A Russian expedition planted the country’s flag on the seabed under the North Pole on Thursday, capping a mission to claim the mineral riches of the Arctic and drawing ridicule from abroad.
“The Mir-1 submarine successfully reached the bottom of the Arctic Ocean… at a depth of 4,261 metres,” veteran Arctic explorer and expedition leader Artur Chilingarov told the Vesti television channel.
A Russian flag made of rust-proof titanium was deposited on the seabed as a symbol of Russia’s claims over a vast swathe of Arctic territory, the ITAR-TASS news agency reported.
The foreign minister of Canada, which has also talked up the need to defend the country’s interests in the Arctic, ridiculed the flag-planting by the Russian expedition.
“Look, this isn’t the 15th century. You can’t go around the world and plant flags and say, ‘We’re claiming this territory’,” MacKay told Canadian broadcaster CTV.
Chilingarov, who is also a member of parliament, was joined by five others for the mission, including fellow parliamentarian Vladimir Gruzdev, Swedish pharmaceuticals tycoon Frederik Paulsen, and Michael McDowell, an Australian explorer.
The six explorers made the descent in two Mir mini-submarines.
The Mir-1 had to search for a hole in the ice for 40 minutes to resurface after spending eight hours and 40 minutes underwater and it was soon followed by the Mir-2, Russian media reported expedition officials as saying.
Billed as the first to reach the ocean floor under the North Pole, the expedition aims to establish that a section of seabed passing through the pole, known as the Lomonosov Ridge, is in fact an extension of Russia’s landmass.
“We must determine the border. The most northerly border of the Russian shelf,” Chilingarov said in comments broadcast before the dive from the Akademik Fyodorov research ship leading the expedition.
Speaking during a trip to the Philippines on Thursday, Russian Foreign Minister Sergei Lavrov said he hoped the expedition “would provide additional scientific evidence for our aspirations”, in comments broadcast on Vesti-24.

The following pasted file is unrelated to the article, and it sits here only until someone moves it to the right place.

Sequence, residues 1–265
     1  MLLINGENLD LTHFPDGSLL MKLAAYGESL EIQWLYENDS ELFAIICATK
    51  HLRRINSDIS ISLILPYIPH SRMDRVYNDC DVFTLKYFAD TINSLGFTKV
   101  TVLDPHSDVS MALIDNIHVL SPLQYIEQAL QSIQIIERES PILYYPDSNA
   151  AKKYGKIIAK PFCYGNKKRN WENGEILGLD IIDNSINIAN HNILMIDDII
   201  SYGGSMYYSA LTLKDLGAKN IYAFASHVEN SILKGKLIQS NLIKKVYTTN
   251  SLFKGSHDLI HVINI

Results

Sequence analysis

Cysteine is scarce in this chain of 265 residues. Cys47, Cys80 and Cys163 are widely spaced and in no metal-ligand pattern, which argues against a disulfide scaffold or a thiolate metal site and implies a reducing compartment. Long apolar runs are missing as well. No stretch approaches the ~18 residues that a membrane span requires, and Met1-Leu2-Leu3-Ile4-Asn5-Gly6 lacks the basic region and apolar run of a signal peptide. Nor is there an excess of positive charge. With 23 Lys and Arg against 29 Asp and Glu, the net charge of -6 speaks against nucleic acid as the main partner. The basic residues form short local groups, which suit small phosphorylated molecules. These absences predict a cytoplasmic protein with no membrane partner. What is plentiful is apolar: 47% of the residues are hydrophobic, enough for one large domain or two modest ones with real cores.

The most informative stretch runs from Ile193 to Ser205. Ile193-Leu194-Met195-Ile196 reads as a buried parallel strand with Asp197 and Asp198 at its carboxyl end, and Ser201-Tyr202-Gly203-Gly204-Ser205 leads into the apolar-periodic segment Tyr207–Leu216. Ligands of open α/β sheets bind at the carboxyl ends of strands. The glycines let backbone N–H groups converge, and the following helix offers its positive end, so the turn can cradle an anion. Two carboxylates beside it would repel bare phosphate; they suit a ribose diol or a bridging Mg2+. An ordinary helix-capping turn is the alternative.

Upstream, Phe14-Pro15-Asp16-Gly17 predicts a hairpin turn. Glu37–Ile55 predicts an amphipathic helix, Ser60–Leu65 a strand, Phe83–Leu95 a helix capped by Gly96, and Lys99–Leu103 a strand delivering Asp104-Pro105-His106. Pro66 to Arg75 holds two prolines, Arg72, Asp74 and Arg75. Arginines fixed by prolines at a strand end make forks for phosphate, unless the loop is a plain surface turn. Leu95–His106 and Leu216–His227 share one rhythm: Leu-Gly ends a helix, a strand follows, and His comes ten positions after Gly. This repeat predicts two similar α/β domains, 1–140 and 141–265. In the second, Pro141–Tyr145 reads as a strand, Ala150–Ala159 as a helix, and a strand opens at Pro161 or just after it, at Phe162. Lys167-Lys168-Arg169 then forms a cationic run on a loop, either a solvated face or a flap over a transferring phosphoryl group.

The voyage reflects growing international interest in the Arctic partly due to climate change, which is causing greater melting of the ice and making the area more accessible for research and economic activity.
The US Geological Survey, a US government agency, said in a report earlier that some 25 per cent of world oil reserves are believed to be located above the Arctic Circle.
In a speech on a nuclear icebreaker earlier this year, President Vladimir Putin urged greater efforts to secure Russia’s “strategic, economic, scientific and defence interests” in the region.
In 2001, Russia made a submission to a United Nations commission claiming subsea rights stretching to the pole. That claim was rejected and the current Russian expedition is looking for evidence to support a new application.
The expedition comes as several countries try to extend their rights over sections of the Arctic Ocean floor. Both Norway and Denmark are carrying out surveys to this end.
Canadian Prime Minister Stephen Harper recently called for measures to defend the country’s interests in the Arctic, including by boosting the number of icebreakers patrolling Canada’s waters.
US politicians, including Senator Richard Lugar, have urged defence of their country’s Arctic interests to stand up to Russian claims over large stretches of the seabed.
“Unless the United States ratifies the treaty, Moscow will be able to press its claims without an American at the table,” Lugar said in May, referring to the Law of the Sea treaty, a complex agreement on territorial sovereignty.
Russian media reported a US expedition that set off from Norway on July 1 to study another part of the Arctic seabed, the Gakkel Ridge, was part of a race between Moscow and Washington for the Arctic’s mineral riches.
The Woods Hole Oceanographic Institution, which was organising the voyage, said in an e-mail to AFP that the “expedition is in search of hydrothermal vents and new biological life”.
On Thursday, a second Russian expedition was to be launched from the northern port of Arkhangelsk for a 100-day research mission to Russia’s Arctic seas, the Arctic and Antarctic Institute in Saint Petersburg said.